Monday, April 1, 2013

Defining Success

Defining Success

(Elle Strauss here. I recently posted this on Indie Elite, but I thought it was worth repeating.)

I've officially been an indie author since September 2011, so about a year and a half. When I put my first baby out into the world all by myself, my idea of success was simple. To sell enough books to pay for the cost of self-publishing.

I mean, I couldn't justify losing money on my venture, so if I could just break even... I'd be a success.

It's funny how my view of success has changed a million times in just a few months. Now with self-publishers hitting all kinds bestseller's lists and dominating Amazon's top 100, and doing it in record time, the definition of success, or at least our perception of what success is, can be all over the map.

-if I break even, I'll be a success
-if I make enough money to pay the heating...
-If I make enough money to pay the rent/mortgage...
-if I make enough money to quit my day job

At some point it moves from making money to survive to this:

-if I make the top 100 Amazon
-if I make NYT bestsellers list
-if agents start calling me
-if I get a publishing deal AND I get to keep my e-rights
-if I become a household name in the industry
-if I have a zillion fans
-if I get a movie deal

(Even Trad published authors get caught up in this. One well-known YA author actually tweeted about how HARD it was for her to keep getting asked when her book was going to be made into a movie. She felt like a barren woman who was always being asked when she was going to have kids. Yes, she REALLY said this!)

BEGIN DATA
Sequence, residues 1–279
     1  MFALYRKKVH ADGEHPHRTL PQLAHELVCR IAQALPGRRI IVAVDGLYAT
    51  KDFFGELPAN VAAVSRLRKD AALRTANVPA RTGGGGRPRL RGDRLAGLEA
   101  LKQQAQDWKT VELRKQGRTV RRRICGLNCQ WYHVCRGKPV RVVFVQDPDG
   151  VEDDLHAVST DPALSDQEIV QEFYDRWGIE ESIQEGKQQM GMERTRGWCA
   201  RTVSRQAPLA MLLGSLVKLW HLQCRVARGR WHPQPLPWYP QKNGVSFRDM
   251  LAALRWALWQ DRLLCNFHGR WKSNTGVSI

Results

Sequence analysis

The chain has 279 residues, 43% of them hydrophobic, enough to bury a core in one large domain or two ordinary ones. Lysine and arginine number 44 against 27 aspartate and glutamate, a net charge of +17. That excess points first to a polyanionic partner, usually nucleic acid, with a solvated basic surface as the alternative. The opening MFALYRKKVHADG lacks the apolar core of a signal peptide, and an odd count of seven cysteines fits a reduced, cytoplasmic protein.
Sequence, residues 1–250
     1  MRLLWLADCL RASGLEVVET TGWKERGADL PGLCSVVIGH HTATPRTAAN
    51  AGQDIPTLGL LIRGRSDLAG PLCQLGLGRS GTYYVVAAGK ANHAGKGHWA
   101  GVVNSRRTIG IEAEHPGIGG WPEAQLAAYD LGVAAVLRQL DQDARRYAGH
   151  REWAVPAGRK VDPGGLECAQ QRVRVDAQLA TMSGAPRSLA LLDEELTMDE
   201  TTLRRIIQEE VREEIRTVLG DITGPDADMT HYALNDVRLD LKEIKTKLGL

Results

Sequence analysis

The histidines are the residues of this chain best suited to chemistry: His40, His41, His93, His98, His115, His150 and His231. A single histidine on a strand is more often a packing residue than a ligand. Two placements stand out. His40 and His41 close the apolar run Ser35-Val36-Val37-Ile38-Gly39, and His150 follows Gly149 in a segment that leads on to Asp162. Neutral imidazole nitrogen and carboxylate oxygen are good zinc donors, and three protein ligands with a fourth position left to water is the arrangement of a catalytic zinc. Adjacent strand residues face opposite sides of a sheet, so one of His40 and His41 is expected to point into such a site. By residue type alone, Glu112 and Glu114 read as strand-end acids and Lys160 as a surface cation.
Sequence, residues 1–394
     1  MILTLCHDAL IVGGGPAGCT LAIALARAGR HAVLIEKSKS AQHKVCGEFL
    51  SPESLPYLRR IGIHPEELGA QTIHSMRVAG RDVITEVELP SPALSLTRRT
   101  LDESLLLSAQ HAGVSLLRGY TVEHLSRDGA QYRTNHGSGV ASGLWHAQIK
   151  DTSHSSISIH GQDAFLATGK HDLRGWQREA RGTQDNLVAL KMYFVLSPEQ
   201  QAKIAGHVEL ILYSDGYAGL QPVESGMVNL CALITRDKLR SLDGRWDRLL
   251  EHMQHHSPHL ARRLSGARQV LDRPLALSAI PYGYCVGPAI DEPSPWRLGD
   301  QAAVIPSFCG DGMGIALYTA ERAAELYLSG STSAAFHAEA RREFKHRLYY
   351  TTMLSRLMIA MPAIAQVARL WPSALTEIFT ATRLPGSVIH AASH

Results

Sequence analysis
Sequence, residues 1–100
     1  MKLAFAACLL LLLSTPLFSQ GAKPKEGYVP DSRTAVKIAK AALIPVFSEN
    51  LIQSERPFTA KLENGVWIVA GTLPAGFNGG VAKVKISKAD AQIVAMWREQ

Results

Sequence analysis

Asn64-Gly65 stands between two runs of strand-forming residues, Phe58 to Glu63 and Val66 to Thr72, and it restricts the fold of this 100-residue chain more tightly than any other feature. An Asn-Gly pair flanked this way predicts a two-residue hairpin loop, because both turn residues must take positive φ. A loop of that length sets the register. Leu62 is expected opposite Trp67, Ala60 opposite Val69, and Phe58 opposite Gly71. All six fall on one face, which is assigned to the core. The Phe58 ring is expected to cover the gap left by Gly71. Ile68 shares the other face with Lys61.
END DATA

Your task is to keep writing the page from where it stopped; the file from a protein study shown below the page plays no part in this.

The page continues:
Let me tell you, this is a recipe for crazy making.

So, what is the definition of success?

I don't know. It's different for everyone. I actually have a hard time seeing myself as successful because I've placed a high bar in front of me that I haven't yet reached.

Sometimes you need to lower the bar.

I got this email recently. It made me smile. It helped me to lower my bar.

"... I've bought all of the clockwise series, Seaweed, Perception, and the Jars of Clay series, ... your writing is amazing, and I can only hope that one day I will be a success like you (:"

(emphasis mine)

Sometimes we don't see ourselves the way other people see us. I'd say, most of the time.

Are you a success? I bet you are. Just lower the bar and keep smiling.

Elle Strauss writes fun, lower YA fiction (time-travel and fantasy). She is fond of Lindt’s sea salt dark chocolate and hiking in good weather. Elle is married with four children and divides her time between British Columbia, Canada, and Dresden, Germany. She also writes upper YA (historical and science fiction) as LEE Strauss. To find out more about Elle and her books check out her facebook page, and follow her on twitter. To find out about new releases sign up for her newsletter at .


  1. Yeah, there is always something else to strive for and sometimes we forget to realise how much we've already done. Great post!

  2. Never forget that success isn't perfect.

  3. Thanks for sharing. It is sometimes hard to remember that other's will see success differently than we do. Great post.

  4. I think that in the U.S. in particular there's a lot of pressure to be successful, especially because successful celebrities (many of whom are very young) are glorified and put up on pedestals; it makes us feel like we have to be like them. Or at least, that's how it is for me, sometimes. But I like your point about how it's okay to lower the bar, because that helps us recognize what we've already achieved.

  5. Well, I for one go around telling people about my friend, the successful self-published writer Elle Strauss. Just thought you should know that. :)

    1. :) Thanks, Amo. I'm back early May. We have to meet up!

  6. Yep. My bar has been all over the place. I'm really glad I'm published--traditionally as well as Indie! Published is published in my "book." :-)

  7. Love this post! Thanks for the reminders :D

  8. Love this post, Elle. I'll be sharing. :)